The following is a press release from the office of Sen. Ed Meyer:
HARTFORD, CT – Senator Ed Meyer (D-Guilford) voiced his support today for Senate Bill 465, which will require all newborns be screened for Adrenoleukodystrophy (ALD), a devastating disease affecting the central nervous system. Jack and Jean Kelley, Branford residents and constituents of Senator Meyer’s, spoke in favor of the bill. They explained that their son Brian has lived with ALD for nearly two decades, and that a diagnosis at birth will help children with ALD avoid the most severe and life threatening symptoms associated with the disease.
“It is critically important that we ensure the health and safety of our children by screening for this devastating, but entirely treatable disease by identifying it near birth,” said Senator Meyer. “I am very thankful to the Kelleys for bringing this issue to my attention, and promise my full support in ensuring the passage of the bill.”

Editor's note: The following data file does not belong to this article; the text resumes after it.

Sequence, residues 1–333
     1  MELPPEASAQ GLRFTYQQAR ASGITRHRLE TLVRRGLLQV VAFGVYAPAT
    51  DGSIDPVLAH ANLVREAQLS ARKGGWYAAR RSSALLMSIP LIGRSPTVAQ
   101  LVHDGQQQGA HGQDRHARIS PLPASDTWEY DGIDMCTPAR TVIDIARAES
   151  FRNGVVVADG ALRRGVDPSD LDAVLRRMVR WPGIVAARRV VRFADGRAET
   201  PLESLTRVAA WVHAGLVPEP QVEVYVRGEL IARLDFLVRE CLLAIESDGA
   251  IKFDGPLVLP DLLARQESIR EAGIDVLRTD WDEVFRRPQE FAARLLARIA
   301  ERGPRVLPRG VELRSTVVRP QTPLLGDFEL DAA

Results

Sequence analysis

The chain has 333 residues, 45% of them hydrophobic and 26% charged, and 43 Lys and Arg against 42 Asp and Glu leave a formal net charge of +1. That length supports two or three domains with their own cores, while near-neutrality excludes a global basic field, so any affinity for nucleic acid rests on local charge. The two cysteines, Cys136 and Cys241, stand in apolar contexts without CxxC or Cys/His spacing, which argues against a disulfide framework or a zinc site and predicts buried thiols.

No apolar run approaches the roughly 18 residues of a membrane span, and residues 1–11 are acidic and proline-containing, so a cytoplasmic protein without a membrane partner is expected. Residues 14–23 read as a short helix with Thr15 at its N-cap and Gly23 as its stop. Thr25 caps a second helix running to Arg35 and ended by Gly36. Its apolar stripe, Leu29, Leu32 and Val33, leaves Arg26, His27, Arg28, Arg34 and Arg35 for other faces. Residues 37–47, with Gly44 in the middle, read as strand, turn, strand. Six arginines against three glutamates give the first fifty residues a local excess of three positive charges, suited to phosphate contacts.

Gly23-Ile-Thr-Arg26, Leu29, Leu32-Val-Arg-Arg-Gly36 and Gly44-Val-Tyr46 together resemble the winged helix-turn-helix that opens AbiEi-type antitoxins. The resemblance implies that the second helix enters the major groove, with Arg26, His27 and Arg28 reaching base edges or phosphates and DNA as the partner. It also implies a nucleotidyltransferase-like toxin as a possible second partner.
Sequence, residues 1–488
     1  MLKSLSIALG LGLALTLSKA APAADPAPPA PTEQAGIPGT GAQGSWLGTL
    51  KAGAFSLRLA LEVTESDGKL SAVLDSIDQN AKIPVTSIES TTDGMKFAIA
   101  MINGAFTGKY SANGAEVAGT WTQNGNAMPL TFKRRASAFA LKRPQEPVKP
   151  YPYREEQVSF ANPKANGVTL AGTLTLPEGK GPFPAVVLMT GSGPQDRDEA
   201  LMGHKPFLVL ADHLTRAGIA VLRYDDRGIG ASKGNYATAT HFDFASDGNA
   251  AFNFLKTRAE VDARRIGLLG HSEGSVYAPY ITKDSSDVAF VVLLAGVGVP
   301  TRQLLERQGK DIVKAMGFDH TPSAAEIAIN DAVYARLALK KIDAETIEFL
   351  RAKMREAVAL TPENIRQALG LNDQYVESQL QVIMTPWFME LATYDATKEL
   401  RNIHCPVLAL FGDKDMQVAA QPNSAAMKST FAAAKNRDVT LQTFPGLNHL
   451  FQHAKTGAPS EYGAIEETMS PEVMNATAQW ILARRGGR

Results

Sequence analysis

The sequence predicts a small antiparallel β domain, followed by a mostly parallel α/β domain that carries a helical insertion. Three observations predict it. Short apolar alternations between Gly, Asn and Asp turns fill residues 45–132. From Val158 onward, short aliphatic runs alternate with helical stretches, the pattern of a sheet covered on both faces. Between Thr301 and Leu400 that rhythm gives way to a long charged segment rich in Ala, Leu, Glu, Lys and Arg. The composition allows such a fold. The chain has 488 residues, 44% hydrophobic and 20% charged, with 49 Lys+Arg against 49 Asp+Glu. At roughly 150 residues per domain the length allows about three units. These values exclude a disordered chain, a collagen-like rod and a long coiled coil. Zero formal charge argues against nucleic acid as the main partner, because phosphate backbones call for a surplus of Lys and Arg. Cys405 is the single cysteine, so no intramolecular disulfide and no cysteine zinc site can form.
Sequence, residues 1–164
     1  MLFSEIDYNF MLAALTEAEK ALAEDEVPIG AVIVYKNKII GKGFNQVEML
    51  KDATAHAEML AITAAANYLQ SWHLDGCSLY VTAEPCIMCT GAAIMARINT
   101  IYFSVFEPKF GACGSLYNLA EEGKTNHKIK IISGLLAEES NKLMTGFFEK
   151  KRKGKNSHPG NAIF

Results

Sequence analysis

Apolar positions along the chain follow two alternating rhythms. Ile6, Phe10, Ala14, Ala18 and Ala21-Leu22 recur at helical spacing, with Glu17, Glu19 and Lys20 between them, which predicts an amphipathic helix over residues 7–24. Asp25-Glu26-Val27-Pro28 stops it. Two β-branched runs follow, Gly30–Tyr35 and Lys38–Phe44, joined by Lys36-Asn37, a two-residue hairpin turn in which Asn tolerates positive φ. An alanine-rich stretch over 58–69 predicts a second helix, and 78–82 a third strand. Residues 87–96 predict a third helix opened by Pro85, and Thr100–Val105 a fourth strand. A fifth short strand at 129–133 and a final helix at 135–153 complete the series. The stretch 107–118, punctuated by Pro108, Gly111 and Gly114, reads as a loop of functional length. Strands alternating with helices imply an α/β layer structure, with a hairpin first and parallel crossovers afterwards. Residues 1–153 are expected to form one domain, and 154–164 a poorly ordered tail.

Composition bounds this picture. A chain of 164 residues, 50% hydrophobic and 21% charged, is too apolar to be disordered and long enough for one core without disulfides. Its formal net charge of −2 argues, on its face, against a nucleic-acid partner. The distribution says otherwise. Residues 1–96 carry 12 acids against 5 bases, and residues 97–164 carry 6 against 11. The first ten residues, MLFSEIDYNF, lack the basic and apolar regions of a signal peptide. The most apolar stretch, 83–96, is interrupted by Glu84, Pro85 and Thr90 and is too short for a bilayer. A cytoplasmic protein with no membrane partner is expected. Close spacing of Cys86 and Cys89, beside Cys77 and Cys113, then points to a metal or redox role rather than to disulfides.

In addition to a bipartisan panel of legislators, several medical professionals attended the event to express their support. They explained that ALD affects an estimated one in every 20,000 boys, and can result in severe disability or even death if not treated. However, early identification and treatment can treat and even cure the disease before the first symptoms appear. ALD is a hereditary disease that manifests itself in boys in early childhood. The boys are born missing an enzyme, and its absence leads to the eventual destruction of Myelin in the body. Myelin allows for the conduction of impulses between the brain and other parts of the body. Without it, children rapidly lose their sight, speech, ambulation, and the ability to eat most food and liquids by mouth.
“We’re hoping to make an impact on the lives of other little boys moving forward,” said Jean Kelley who, along with her husband John, founded Brian’s Hope, an organization dedicated to promoting awareness of ALD and ensuring that future children do not suffer as their son has.
The Kelleys stressed that screening only costs $1.50 per child, but the savings in both medical bills and needless suffering, are immense. The legislature’s Public Health Committee recently held a public hearing on Senate Bill 465, and supporters hope that it will be voted out of committee soon. Connecticut would be one of the first states to pass this groundbreaking law, and both New Jersey and New York are considering similar proposals.
For more on the Kelley's story, check out this feature in the New Haven Register.